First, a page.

Men down talk about their emotions, and we certainly don't ask for help. I've fallen out with several friends and partners because one or both of us felt we couldn't ask for what we needed. This inability to talk is linked to higher suicide rates, poor mental health and use of substances as a coping mechanism.
Male feminism isn't simply an act of solidarity with women. It certainly isn't an act of altruism. It isn't selfless. In fact, male feminism invokes a degree of selfishness. Men are becoming increasingly aware that, while the masculine gender construct remains profoundly deleterious to women, it is also detrimental to men.
Assumptions that men are "hard to reach" or that "men don't talk" are unhelpful and present challenges to services that seek to engage with men and encourage their involvement. There is more to do to develop our understandings in terms of research, policy and practice, and recognition of men's roles in families and as carers might be a key signifier for broader change.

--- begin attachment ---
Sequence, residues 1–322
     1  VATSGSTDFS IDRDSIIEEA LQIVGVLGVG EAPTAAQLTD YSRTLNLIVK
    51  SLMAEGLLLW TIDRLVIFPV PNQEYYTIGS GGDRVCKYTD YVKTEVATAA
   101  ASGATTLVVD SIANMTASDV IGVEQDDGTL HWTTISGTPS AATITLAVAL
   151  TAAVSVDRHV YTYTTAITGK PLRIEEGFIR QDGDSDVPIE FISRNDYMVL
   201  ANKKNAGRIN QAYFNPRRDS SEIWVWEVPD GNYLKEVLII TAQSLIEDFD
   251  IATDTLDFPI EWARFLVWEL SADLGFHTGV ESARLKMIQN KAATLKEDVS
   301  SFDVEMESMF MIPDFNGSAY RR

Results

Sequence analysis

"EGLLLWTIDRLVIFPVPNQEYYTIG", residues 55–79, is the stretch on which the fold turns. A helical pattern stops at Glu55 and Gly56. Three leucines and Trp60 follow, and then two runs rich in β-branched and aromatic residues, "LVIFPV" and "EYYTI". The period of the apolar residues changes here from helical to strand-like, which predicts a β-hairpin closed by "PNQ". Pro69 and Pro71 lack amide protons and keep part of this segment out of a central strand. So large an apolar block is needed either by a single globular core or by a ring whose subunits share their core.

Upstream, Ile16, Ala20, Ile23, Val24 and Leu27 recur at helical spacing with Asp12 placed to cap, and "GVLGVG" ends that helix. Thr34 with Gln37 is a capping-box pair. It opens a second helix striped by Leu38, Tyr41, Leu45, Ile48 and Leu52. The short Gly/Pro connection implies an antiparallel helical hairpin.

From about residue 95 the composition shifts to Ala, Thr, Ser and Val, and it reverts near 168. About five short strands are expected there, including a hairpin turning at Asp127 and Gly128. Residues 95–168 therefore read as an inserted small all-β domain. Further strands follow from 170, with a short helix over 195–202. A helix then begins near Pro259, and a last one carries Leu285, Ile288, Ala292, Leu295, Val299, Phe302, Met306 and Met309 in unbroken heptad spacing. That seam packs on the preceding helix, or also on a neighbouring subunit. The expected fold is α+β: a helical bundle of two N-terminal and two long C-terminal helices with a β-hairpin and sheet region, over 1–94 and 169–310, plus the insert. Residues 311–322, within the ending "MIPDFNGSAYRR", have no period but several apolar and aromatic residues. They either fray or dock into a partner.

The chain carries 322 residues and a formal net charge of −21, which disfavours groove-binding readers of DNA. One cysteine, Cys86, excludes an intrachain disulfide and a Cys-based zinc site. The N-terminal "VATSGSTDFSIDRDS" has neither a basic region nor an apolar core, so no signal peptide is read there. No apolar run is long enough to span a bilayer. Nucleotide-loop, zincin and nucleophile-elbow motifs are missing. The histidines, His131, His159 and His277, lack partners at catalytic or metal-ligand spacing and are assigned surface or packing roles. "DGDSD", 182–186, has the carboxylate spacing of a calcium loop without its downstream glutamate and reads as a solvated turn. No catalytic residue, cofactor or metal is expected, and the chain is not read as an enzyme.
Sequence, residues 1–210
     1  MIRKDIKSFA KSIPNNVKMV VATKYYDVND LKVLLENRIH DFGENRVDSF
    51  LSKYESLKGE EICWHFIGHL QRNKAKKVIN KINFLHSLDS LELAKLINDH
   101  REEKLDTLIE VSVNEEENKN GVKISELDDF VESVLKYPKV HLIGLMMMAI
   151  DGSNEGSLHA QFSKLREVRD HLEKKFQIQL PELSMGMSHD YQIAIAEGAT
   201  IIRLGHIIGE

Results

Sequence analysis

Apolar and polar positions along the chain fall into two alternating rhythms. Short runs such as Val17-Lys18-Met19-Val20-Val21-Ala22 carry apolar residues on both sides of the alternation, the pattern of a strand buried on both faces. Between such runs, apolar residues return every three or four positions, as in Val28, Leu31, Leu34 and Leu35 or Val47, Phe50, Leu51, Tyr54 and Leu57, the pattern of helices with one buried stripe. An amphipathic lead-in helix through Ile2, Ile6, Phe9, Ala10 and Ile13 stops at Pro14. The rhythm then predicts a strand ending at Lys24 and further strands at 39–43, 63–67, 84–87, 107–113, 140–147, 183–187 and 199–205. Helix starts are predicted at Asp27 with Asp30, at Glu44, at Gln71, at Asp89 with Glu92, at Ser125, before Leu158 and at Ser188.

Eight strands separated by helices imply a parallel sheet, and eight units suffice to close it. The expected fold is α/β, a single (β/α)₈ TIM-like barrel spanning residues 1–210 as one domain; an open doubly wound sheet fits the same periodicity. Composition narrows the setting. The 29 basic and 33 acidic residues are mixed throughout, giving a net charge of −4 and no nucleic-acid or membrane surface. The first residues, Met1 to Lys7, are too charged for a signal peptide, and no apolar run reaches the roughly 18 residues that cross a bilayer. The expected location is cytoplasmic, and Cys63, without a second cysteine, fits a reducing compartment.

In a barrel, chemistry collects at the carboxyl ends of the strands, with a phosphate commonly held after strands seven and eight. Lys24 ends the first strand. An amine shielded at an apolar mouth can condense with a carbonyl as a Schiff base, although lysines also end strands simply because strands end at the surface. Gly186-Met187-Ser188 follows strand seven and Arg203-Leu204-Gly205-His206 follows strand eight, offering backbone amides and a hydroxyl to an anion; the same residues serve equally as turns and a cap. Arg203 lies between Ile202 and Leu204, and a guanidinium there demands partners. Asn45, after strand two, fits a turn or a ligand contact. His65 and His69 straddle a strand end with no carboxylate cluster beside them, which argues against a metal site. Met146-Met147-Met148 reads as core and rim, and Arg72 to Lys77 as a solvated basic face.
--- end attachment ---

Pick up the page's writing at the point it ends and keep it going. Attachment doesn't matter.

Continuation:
There is a framework showing how men cope with mental health concerns (particularly depression) in ways that escalate - the 'big build'. It is suggested that men initially begin with 'acting in' behaviours, such as 'avoidance' (e.g. overwork), 'numbing it' (through drug or alcohol use) and 'escaping it' (through increased risk-taking behaviours like gambling or having extra-marital affairs).
Labelling events as 'crises' is politically convenient as it deflects responsibility. The absolution of responsibility exists as an absolution of blame and guilt. When considering masculinity (and drawing a parallel to austerity) the discourse of 'crisis' become the focal point of blame. It can be nobody's fault but that of the situation.